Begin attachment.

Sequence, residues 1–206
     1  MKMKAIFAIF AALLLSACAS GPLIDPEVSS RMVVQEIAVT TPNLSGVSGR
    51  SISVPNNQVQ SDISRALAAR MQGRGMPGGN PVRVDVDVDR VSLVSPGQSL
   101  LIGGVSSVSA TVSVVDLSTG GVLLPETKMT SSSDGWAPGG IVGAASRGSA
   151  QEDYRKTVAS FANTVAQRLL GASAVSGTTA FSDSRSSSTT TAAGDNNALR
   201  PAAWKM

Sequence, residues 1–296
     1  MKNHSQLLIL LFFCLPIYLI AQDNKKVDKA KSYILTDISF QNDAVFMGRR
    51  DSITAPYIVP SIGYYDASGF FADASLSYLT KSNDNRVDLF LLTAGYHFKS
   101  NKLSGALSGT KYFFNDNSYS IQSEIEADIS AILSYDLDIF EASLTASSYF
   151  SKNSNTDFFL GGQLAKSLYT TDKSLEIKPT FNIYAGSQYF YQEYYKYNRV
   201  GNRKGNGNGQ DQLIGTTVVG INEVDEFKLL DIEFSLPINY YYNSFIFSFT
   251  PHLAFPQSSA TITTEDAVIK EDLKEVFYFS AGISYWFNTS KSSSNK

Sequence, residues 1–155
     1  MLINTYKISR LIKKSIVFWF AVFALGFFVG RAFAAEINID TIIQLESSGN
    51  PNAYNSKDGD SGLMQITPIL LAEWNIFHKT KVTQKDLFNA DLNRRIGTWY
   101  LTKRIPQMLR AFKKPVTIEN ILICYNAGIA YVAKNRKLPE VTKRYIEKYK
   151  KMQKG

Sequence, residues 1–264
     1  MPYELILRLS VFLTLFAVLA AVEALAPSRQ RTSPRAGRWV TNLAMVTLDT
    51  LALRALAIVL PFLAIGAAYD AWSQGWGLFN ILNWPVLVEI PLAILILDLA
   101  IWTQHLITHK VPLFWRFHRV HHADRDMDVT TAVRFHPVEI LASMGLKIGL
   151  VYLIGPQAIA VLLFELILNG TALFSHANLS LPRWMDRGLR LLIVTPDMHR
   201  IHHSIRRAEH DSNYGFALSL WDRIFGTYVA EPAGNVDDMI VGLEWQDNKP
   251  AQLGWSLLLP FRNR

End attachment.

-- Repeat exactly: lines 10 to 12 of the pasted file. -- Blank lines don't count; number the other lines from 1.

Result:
   101  NKLSGALSGT KYFFNDNSYS IQSEIEADIS AILSYDLDIF EASLTASSYF
   151  SKNSNTDFFL GGQLAKSLYT TDKSLEIKPT FNIYAGSQYF YQEYYKYNRV
   201  GNRKGNGNGQ DQLIGTTVVG INEVDEFKLL DIEFSLPINY YYNSFIFSFT